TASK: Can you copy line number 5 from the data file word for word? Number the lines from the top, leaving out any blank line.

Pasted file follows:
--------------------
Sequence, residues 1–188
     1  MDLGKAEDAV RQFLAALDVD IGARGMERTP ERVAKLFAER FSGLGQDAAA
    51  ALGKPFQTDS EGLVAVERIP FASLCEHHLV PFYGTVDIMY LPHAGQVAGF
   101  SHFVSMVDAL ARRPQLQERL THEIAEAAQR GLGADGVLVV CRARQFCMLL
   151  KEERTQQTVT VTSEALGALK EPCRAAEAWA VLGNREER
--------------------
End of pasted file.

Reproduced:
   151  KEERTQQTVT VTSEALGALK EPCRAAEAWA VLGNREER